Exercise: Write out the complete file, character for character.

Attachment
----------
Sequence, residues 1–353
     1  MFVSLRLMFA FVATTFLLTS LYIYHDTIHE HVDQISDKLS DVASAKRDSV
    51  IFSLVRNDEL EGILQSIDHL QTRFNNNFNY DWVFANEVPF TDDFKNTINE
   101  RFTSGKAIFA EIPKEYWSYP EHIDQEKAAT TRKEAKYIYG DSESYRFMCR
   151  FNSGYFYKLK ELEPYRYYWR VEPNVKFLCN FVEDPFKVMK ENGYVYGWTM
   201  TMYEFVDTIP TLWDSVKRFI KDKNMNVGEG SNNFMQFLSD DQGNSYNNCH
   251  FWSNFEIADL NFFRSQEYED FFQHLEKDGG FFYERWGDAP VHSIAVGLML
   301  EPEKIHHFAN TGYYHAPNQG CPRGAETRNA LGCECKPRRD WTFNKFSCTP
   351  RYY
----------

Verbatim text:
Sequence, residues 1–353
     1  MFVSLRLMFA FVATTFLLTS LYIYHDTIHE HVDQISDKLS DVASAKRDSV
    51  IFSLVRNDEL EGILQSIDHL QTRFNNNFNY DWVFANEVPF TDDFKNTINE
   101  RFTSGKAIFA EIPKEYWSYP EHIDQEKAAT TRKEAKYIYG DSESYRFMCR
   151  FNSGYFYKLK ELEPYRYYWR VEPNVKFLCN FVEDPFKVMK ENGYVYGWTM
   201  TMYEFVDTIP TLWDSVKRFI KDKNMNVGEG SNNFMQFLSD DQGNSYNNCH
   251  FWSNFEIADL NFFRSQEYED FFQHLEKDGG FFYERWGDAP VHSIAVGLML
   301  EPEKIHHFAN TGYYHAPNQG CPRGAETRNA LGCECKPRRD WTFNKFSCTP
   351  RYY